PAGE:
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IMF cuts global forecasts on second year of Europe’s crisis

Sandrine Rastello Washington

The International Monetary Fund (IMF) yesterday cut its global growth forecasts and now projects a second year of contraction in the euro region as progress in battling Europe’s debt crisis fails to produce an economic recovery.

The world economy would expand 3.5 percent this year, less than the 3.6percent forecast in October, the Washington-based IMF said in an update of its World Economic Outlook report. It expected the 17-country euro area to shrink 0.2 percent in 2013, instead of growing 0.2 percent as forecast in October, as Spain leads the contraction and Germany slows.

“Is Europe on the mend? I think the answer is yes and no,” IMF chief economist Olivier Blanchard said in a video released with the report. “Something has to happen to start growth.”

While measures to stem the debt turmoil last year helped boost financial markets around the world and decrease sovereign bond yields from Spain to Greece, European officials now still face a recession and unemployment at a record 11.8 percent. The IMF warned that the region still poses a “large” risk to the rest of the world if efforts under way to strengthen its economies and work on a banking union slip.

The forecast for a second year of economic contraction reflects “delays in the transmission of lower sovereign spreads and improved bank liquidity to private sector borrowing conditions”, as uncertainty remains over ending the turmoil that has engulfed nations from Ireland to Cyprus, according to the report.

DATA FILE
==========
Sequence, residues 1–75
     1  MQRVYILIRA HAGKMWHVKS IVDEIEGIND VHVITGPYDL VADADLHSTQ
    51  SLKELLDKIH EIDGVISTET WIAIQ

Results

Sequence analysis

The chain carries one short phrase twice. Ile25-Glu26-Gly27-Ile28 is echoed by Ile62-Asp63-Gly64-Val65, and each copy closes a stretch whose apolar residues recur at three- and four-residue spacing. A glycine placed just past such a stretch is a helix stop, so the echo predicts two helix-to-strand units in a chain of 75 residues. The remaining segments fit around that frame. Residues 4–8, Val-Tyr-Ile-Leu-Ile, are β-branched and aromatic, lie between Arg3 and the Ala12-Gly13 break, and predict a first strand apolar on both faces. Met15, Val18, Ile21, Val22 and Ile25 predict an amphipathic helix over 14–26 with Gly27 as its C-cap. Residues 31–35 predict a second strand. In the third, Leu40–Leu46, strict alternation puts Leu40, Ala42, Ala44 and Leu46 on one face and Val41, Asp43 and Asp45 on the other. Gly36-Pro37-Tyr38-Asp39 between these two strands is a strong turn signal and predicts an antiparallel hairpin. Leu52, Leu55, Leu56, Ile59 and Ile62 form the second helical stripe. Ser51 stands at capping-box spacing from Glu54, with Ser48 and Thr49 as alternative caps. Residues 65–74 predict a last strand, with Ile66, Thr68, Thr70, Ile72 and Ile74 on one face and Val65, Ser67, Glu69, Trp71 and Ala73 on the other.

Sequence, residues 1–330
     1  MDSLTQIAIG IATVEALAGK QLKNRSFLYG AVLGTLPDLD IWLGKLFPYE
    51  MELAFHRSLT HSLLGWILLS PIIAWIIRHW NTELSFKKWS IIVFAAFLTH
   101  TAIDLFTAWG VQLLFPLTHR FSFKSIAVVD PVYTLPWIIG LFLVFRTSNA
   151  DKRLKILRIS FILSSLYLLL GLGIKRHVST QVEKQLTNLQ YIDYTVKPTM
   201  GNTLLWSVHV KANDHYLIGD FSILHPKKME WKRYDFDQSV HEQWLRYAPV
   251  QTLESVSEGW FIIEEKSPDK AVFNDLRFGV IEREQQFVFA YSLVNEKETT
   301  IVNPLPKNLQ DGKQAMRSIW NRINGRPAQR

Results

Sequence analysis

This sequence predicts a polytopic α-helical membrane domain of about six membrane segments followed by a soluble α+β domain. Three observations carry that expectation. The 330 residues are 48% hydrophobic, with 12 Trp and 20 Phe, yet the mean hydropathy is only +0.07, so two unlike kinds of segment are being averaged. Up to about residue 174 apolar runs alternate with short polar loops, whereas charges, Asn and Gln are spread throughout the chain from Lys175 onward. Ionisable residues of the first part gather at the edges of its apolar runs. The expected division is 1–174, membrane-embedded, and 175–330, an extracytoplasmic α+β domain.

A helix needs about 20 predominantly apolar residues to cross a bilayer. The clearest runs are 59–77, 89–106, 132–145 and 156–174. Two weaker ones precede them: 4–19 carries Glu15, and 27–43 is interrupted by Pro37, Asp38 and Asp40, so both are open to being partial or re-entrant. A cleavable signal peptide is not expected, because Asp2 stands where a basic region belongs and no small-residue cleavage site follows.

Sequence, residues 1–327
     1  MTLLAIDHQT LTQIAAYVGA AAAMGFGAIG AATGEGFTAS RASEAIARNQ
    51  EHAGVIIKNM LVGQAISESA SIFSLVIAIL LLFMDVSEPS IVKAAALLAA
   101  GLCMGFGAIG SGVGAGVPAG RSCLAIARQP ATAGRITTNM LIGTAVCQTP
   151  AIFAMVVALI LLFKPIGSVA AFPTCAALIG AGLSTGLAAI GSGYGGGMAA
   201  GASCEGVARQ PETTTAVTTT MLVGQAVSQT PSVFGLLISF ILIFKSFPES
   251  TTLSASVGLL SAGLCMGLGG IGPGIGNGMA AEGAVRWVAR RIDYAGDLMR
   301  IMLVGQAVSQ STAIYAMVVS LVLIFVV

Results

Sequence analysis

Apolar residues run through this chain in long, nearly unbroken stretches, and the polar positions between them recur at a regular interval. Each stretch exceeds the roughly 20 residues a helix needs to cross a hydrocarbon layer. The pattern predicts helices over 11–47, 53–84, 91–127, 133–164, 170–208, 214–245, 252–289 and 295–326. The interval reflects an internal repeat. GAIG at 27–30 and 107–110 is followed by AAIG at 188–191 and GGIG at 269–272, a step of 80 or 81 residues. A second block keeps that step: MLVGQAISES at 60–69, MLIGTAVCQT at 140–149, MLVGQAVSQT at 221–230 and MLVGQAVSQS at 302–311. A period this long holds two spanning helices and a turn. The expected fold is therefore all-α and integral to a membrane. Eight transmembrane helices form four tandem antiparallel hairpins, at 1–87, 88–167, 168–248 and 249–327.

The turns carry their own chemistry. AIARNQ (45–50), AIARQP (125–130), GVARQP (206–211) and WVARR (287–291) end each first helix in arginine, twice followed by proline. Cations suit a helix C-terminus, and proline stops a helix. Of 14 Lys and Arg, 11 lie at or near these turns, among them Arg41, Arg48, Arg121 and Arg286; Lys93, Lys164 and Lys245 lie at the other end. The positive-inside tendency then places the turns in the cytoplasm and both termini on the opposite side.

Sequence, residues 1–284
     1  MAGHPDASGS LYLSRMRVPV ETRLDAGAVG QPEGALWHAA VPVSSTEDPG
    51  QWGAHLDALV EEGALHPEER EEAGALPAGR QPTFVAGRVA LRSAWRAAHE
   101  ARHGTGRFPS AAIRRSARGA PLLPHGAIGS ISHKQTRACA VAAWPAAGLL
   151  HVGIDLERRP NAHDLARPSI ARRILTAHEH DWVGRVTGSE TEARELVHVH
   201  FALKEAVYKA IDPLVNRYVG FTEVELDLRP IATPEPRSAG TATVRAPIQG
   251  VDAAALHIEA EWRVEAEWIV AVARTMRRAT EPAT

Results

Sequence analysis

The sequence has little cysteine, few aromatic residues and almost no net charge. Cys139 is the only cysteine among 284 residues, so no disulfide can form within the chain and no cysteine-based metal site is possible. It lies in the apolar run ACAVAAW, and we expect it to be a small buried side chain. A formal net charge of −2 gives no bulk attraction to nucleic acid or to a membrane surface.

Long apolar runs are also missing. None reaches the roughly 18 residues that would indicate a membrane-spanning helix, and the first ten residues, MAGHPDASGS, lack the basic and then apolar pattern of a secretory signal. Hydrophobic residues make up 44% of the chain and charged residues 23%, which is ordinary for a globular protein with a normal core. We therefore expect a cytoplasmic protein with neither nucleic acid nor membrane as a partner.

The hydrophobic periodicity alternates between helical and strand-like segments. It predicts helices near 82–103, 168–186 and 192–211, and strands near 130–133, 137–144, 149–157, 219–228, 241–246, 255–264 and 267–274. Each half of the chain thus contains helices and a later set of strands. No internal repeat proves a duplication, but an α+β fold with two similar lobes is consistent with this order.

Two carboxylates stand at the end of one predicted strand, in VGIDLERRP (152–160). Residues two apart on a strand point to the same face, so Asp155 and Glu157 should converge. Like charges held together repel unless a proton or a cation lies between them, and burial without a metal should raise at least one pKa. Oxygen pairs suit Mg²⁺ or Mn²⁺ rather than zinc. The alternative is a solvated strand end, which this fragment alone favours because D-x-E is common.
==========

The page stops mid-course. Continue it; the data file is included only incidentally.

The fund expects the region’s outlook to improve, forecasting a return to 1 percent growth in 2014. It sees the world economy expanding 4.1 percent next year, 0.1 percentage point less than in October.

In the US, “ underlying economic conditions remain on track”, the IMF said as it cut its forecast for the world’s largest economy to 2 percent from 2.1 percent in 2013 and raised it 0.1 percentage point to 3 percent next year. The priority is for Congress to avoid too much deficit reduction too soon, reach an agreement between Republicans and Democrats to raise the debt ceiling and craft a plan to reduce debt over the medium term.

While the forecast for Japan was left unchanged at 1.2 percent this year amid fiscal and monetary plans to stimulate its economy, the fund cut the 2014 prediction by 0.4 percentage point to 0.7 percent.

Fiscal expansion is “going to help growth in the short run, no question,” Blanchard said.

The IMF didn’t change its forecast for China, seen growing 8.2 percent this year and 8.5 percent in 2014. – Bloomberg

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